Resources are people too
Take a look at the table of IT elements a bit more closely. A slice through the middle of the table from left to right includes a lot of people or roles:
- (Customers replaced with Security)
- Project Managers
- Business Analysts
So, it’s not all about faceless soulless computers, people are literally the life-blood and the backbone through which Strategy is implemented, ideas get turned into designs and finished products & services, software and websites are maintained, mobile and cloud services are supported. Each of these roles or groups will be the subject of separate IT Element-ary bite-sized modules, but I want to focus on something else in the model.
Lurking in the middle of the table is Resources. In its generic sense a ‘resource’ is any commodity that can be used or consumed primarily to make something happen, including the day-to-day operation of a company as well as projects that create, maintain, upgrade and even dispose of the things that your organisation produces, sells, transports, manages or operates.
‘Resources’ includes all the physical materials, equipment and stock used or of-use, anything and everything from paperclips and post-it notes to electricity & water, the computers on your desk, even the desk itself!
However, the most important resources are the people, who are typically the single most costly and indispensable part of IT and software development activities. They are also the resource that is most difficult to acquire and manage*.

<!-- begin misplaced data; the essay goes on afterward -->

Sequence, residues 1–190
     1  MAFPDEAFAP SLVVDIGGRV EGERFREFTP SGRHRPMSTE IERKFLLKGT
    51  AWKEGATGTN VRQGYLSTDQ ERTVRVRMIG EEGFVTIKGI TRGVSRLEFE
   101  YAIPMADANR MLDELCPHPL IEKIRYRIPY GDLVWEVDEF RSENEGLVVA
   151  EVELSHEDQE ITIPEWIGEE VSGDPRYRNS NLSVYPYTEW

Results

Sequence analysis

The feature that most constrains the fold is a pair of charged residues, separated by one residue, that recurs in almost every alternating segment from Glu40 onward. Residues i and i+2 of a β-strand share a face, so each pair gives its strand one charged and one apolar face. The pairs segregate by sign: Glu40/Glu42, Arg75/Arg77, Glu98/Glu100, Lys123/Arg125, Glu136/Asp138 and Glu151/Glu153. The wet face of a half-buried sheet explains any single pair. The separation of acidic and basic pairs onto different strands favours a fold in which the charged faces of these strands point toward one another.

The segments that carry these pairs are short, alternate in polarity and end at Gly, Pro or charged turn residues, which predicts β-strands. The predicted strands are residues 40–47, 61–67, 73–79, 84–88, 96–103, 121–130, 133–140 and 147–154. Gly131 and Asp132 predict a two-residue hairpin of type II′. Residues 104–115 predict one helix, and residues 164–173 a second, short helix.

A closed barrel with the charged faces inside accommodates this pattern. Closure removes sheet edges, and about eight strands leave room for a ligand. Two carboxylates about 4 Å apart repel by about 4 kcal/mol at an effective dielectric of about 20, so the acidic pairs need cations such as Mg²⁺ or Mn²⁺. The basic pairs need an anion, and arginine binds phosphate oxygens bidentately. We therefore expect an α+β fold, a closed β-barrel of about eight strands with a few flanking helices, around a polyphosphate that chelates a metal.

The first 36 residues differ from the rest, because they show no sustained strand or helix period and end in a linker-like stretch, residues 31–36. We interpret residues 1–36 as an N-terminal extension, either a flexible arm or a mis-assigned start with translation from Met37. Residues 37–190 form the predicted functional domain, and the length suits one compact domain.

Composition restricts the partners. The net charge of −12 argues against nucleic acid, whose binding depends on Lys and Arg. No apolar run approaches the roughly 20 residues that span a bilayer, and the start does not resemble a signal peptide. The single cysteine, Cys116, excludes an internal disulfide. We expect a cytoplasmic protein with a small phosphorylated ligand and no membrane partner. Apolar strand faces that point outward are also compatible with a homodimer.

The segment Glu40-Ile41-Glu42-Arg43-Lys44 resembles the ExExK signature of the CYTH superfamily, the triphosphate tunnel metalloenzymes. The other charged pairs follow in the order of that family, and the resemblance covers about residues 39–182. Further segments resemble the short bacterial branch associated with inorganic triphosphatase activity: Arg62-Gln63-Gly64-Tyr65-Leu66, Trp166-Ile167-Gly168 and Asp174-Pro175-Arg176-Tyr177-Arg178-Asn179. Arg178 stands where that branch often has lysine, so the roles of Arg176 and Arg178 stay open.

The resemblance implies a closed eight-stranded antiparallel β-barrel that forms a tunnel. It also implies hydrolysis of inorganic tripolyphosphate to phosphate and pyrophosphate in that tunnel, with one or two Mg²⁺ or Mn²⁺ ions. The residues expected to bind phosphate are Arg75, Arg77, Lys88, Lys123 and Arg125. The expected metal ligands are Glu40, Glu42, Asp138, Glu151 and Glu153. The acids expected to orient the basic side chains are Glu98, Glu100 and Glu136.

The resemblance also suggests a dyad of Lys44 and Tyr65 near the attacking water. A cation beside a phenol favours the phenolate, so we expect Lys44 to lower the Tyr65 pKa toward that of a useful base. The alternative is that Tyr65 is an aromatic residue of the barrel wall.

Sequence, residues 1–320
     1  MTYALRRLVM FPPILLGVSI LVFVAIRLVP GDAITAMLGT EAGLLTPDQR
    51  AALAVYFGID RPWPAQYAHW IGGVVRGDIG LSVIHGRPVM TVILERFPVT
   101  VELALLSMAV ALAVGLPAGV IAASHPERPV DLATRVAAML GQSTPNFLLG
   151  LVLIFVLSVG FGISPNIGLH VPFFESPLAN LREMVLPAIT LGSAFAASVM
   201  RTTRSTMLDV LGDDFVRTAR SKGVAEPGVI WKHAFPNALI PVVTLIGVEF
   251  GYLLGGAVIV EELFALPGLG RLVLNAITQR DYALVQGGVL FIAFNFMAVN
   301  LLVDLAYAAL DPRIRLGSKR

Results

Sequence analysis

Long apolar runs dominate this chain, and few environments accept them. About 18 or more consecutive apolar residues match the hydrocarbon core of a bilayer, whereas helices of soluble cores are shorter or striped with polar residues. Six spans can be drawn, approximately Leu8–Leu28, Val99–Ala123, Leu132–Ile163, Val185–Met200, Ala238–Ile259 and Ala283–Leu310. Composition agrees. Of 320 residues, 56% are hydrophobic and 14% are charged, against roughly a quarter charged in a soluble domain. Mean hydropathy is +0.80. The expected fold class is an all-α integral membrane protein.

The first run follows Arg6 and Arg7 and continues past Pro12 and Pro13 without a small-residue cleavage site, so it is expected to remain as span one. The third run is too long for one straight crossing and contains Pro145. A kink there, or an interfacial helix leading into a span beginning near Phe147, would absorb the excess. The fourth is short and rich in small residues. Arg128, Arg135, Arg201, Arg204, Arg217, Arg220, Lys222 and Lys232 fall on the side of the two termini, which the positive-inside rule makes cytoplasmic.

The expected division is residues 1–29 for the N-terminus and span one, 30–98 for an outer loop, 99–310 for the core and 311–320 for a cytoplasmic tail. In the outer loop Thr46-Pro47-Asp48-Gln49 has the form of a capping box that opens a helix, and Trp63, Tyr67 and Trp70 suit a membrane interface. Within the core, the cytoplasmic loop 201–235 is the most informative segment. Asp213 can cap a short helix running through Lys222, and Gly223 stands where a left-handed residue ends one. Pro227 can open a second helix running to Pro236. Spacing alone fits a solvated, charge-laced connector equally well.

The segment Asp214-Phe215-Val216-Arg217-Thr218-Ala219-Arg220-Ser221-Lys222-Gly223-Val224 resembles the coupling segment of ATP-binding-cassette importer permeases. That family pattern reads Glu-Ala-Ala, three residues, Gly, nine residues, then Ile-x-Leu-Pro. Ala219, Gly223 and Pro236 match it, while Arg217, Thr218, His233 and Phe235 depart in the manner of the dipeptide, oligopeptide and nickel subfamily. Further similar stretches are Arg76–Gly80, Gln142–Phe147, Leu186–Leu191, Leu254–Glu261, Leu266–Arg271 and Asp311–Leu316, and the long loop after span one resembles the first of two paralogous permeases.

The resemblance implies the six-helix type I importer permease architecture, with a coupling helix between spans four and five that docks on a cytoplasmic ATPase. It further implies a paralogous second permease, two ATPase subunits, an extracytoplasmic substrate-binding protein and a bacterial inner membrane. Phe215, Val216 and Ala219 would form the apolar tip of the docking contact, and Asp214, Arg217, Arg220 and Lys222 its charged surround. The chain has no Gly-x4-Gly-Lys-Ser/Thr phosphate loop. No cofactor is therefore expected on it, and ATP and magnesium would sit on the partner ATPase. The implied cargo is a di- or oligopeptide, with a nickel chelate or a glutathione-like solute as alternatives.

*Note: for the purposes of this post I will not consider time or money as types of resources. What do you think?
In most cases resources are scarce, there is a finite supply. You can’t easily ‘commoditise’ people or ‘throw more people at the problem’, for example, to do the same thing more quickly or react to unexpected problems. Fred Brooks, one of the great thinkers and writers in IT expressed the problem as Brooks’s Law:
[Only] Adding manpower to a late software project makes it later.
Let me qualify this, adding resources may make a project later; people need to be qualified, possibly trained, definitely motivated and available in the right place and at the right time to help make a difference. Typically though more people also means greater management and administration overheads, and the subtle and often hidden costs (delays, drop in productively) of building relationships and maintaining lines of communication.
I am not a number – I am a human being!
Typically projects are planned in detail up-front, starting with some idea of the size, complexity, time-scales, assumptions & dependencies, followed by a breakdown (decomposition) of activities, with more or less detail depending on the approach and methodology being used. It is only later that resources are assigned to tasks or responsibilities in the schedule, not as real people, but as placeholders. I often start a new project or engagement as ‘Business Analyst’ or ‘BA1’, which I quite like, although this anonymity soon disappears when, as a named individual, I have to do things by a certain time, because the plan says so!
So bear this in mind, especially if you are a Project Manager, resources you can plan and manage on paper, but real people do the real work 🙂
I hope you enjoyed this. Please have a look for other interesting and related topics at the IT elementary school.
(c) 2015 Antony Lawrence CBA Ltd.